Tuesday, April 6, 2010
SEIKO Railroad Approved Pocket Watches / Seiko 6110-0010 Second Setting Railroad Pocket Watch
A Railroad grade Pocket Watch or Wrist Watch is a timepiece used by Rail employees, and typically must have an accuracy +/- 30 Seconds over 24 hours, have a hacking function, and have an easily read dial, typically with Arabic numerals. While a number of websites provide details of e.g. American Railroad watches, there is a paucity of information regarding Japanese Railroad watches. I attempt in the following to compile some of the information I have been able to find, and invite other contributions in the hope that we can collect all available knowledge in this field - please also feel free to correct or berate me! If you would like to learn more, an excellent review is available at:http://www.gmtplusnine.com/2007/05/20/all-aboard-japan-railways-the-seiko-connection/ ... a review which served as inspiration for this post.
Authorised Railroad Watches are used to coordinate train departures and movements, and are used by both train drivers as well as conductors. Typically, the train driver and the conductor would set their watches with a central time source at the start of a trip - coordination of watches would help ensure that two trains would not be on the same track at the same time. Clearly, it is vitally important for a train driver and the conductor to keep their schedule, with fixed times alloted to specific points along the journey, allowing the driver to speed up or slow down as required to remain, uhm, on track (sorry...). In the following pictures from 2006, the train drivers Seiko pocket watch can clearly be seen nestling in an illuminated cut-out on the console:
Seiko Railroad Pocket Watch in use, 2006. Picture credit: http://japan.mattanderson.net/
(This has got to be a typical Seiko WIS thing - I got all flushed and excited when, after a long search I finally found this, the only picture I have seen of a Seiko railroad-approved pocket watch "in action". I gave a whoop of glee (I'm easily pleased) and she-who-must-be obeyed came to take a look and shot me a withering glance when she saw what I had found).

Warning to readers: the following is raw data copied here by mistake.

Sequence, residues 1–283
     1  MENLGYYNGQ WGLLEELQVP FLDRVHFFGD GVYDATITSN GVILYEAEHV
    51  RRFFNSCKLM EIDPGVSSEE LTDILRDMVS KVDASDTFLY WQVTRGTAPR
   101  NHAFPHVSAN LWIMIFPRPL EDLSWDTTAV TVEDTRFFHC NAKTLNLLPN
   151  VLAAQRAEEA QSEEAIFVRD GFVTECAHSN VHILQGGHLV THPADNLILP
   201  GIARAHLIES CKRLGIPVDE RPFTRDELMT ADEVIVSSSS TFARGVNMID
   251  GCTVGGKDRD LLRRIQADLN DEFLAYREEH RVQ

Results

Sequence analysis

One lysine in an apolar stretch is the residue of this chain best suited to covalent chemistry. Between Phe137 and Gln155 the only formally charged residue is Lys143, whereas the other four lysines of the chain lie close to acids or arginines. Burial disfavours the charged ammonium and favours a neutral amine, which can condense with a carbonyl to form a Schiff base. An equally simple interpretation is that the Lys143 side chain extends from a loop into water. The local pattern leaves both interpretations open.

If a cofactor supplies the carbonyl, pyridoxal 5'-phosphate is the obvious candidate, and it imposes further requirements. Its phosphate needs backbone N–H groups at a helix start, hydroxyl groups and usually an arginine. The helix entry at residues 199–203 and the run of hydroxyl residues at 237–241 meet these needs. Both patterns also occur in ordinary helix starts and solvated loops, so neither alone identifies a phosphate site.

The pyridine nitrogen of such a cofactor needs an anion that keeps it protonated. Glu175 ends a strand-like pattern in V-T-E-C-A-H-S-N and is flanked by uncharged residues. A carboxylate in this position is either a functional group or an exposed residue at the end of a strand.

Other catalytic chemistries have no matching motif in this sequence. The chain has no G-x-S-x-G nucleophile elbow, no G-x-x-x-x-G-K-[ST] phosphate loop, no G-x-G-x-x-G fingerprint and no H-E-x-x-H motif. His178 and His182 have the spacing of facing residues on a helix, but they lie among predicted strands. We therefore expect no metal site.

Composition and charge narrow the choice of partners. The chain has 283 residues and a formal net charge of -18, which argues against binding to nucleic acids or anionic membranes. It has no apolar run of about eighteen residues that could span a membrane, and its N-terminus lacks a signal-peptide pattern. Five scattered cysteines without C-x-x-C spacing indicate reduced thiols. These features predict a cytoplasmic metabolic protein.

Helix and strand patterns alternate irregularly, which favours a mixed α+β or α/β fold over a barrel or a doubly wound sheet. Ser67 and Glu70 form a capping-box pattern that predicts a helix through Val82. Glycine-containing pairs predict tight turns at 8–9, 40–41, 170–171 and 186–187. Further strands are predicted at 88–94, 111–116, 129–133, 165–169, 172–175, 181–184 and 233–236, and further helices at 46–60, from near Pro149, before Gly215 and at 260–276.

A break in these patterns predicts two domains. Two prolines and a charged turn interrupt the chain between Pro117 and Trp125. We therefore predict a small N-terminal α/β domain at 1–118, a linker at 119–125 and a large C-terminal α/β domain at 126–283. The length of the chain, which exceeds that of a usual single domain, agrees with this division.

On Ikuo Tokunagas website: http://www.tokunaga.ne.jp/ a series of Seiko Railroad Pocket Watches can be seen. It is immediately clear that the basic design has remained unchanged, with changes primarily being restricted to the movements used, as well as the positioning of the seconds hand:
To the best of my knowledge, the five calibres presented here were used exclusively in pocket watches. From the dial symbols it appears that the first three movements were produced by the Suwa factory, established in 1943. It would appear in all cases (sorry) that the cases are chromium plated.
From left to right we see a hand wind caliber 91RW (Railroad Watch) 15 jewel movement with a 41.3mm diameter, running at 5 beats per second. The second piece is a 6110A hand wind calibre 61 Railroad Watch (61RW) with 21 jewels, issued in 1971 and running at a higher rate of 6 beats per second (21.600 bph). Interestingly, this calibre was introduced in 1968, suggesting it was required to prove itself in the field before being introduced as a replacement for the venerable 91RW. In 1977 the quartz-driven 75 series calibre was introduced, and a year later the quartz revolution reached Japanese railway-approved watches in the from of the 7550 Quartz Railroad Watch, which boasted a quoted accuracy of 15 seconds per month, a clear step up from the 30s / day accuracy of its mechanical predecessors. As an aside, a close relative and forum favourite, the 7549 300m Tuna was introduced at the same time. The 7550 calibre was followed in 1986 by the 7C11 quartz and the 7C21 quartz, which boasted a long-life lithium cell.